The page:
Ben van Beurden, installed as Shell’s chief executive in 2014, could have halted the ill-fated project. But after a “personal journey”, he decided to go ahead.
Shell’s retreat from the frozen north shows the new realities of “big oil”: Reputation was another factor in Shell’s retreat
Oct 3rd 2015 | HOUSTON | From the print edition
OIL companies have a proud history of digging holes in inaccessible places and producing gushers of money. But in the Chukchi Sea, in the Alaskan Arctic, Shell has poured $7 billion into a single 6,800-foot exploratory well, making it possibly the most expensive hole yet drilled, only to admit this week that it had not found enough oil and gas to make further exploration worthwhile.
That was a big climbdown for a company that had spent seven years since acquiring the Chukchi licenses in 2008 in a highly public, drawn-out battle to drill in the Arctic. The decision boiled down to costs, financial and reputational. Most big oil firms face similar pressures. Some will take a lesson from Shell and put their Arctic plans on hold, though Eni, a big Italian oil firm, is vowing to press ahead with its efforts to drill in the Norwegian Arctic.
As the oil price has fallen by more than half over the past year, the economics of drilling in deep and treacherous waters have worsened considerably. Though Shell had sought to play down the dangers of its Chukchi conquest, observers long ago reckoned it had bitten off more than it could chew. It suffered a slew of mishaps in 2012, culminating on December 31st of that year in a drilling rig breaking loose from its tow lines and running aground.
After that episode, Ben van Beurden, installed as Shell’s chief executive in 2014, could have halted the ill-fated project. But after a “personal journey”, he decided to go ahead. Since then, Shell has portrayed Arctic drilling as somewhat of a mission, saying the prospective hydrocarbon reserves—ten times the total produced so far in the North Sea—are needed to provide energy for a global population expected to rise from 7 billion to 9 billion by 2050.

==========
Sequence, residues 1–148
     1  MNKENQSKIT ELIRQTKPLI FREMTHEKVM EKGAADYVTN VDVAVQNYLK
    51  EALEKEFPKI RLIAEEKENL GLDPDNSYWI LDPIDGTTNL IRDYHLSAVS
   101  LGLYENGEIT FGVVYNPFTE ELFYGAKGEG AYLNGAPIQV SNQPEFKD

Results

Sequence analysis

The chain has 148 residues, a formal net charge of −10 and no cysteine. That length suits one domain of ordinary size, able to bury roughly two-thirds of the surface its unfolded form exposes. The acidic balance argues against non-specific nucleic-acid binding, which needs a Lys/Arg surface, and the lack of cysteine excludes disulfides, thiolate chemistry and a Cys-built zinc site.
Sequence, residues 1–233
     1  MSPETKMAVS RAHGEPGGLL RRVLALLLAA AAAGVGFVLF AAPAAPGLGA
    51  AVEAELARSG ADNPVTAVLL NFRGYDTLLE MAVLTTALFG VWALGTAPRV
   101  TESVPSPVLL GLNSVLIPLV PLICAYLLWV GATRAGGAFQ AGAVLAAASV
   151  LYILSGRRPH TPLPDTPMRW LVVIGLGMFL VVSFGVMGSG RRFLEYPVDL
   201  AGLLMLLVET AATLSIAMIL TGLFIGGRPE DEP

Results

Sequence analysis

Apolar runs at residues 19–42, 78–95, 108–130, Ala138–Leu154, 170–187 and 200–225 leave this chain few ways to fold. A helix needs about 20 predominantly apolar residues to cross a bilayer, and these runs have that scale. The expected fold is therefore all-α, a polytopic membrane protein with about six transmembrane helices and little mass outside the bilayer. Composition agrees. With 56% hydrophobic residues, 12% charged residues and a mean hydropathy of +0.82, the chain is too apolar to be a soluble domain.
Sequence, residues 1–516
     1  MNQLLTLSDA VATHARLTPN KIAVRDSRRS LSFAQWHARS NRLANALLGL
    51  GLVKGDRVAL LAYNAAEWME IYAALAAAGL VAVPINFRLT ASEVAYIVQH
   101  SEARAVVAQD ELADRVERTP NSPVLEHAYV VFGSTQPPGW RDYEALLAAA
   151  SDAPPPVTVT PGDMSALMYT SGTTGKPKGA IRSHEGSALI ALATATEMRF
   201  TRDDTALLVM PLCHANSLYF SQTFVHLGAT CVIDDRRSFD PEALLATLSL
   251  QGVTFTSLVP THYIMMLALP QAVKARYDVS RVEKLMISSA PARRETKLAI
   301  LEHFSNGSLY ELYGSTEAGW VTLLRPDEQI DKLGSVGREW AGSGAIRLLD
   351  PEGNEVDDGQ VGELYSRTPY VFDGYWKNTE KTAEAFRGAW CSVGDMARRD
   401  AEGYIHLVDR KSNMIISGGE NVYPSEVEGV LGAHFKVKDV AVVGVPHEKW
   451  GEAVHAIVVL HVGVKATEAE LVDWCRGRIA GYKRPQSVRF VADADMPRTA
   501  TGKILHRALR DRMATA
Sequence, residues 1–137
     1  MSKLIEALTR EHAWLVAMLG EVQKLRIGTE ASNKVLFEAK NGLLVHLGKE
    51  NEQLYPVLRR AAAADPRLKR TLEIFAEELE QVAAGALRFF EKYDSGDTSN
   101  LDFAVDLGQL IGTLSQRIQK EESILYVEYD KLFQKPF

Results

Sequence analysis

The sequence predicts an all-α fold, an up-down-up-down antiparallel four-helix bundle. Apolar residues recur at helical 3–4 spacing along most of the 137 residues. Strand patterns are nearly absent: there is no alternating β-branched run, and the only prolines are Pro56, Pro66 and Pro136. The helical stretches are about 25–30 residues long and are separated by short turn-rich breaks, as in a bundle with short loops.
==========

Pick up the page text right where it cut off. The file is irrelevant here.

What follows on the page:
Analysts say it was more about shoring up Shell’s reserve base, at a time when oil and gas deposits are increasingly held either by national oil companies or by nimble American “frackers”. Last year Shell replaced only 26% of the 1.2 billion barrels of oil equivalent (boe) that it produced. It has told investors that the Arctic was the best long-term bet for filling that gap, expecting it to provide at least 500m boe after 15 years. Now it will need new alternatives. If its £47 billion ($70 billion) takeover of BG Group, a British firm, goes ahead, that is one: it will increase Shell’s oil and gas reserves by a quarter.
Reputation was another factor in Shell’s retreat. A company that was among the first oil majors to acknowledge the risk of human-induced global warming in the 1990s—and one that has joined with other European oil firms to advocate carbon pricing ahead of the climate-change talks in Paris later this year—was embarrassed to be pilloried for its Arctic drilling by environmental groups and politicians. Just as serious were the concerns of Shell’s own shareholders. Many of these, including some big pension funds, questioned its climate-change credentials at its annual meeting in May.
The stockmarket is taking the news in its stride. But internally, the abandonment of the Arctic project will lead to soul-searching. Shell is staffed more by boffins than roughnecks, who pride themselves on their ability to overcome great challenges with technology. It has been in this predicament before. In the early 1990s it gave up an earlier attempt to explore in the Chukchi Sea after prices tumbled. Its decision to do so again, and big cutbacks by rival oil firms, may help crude prices eventually to recover. But if one day Arctic oil and gas look promising once more, don’t expect much enthusiasm from Shell.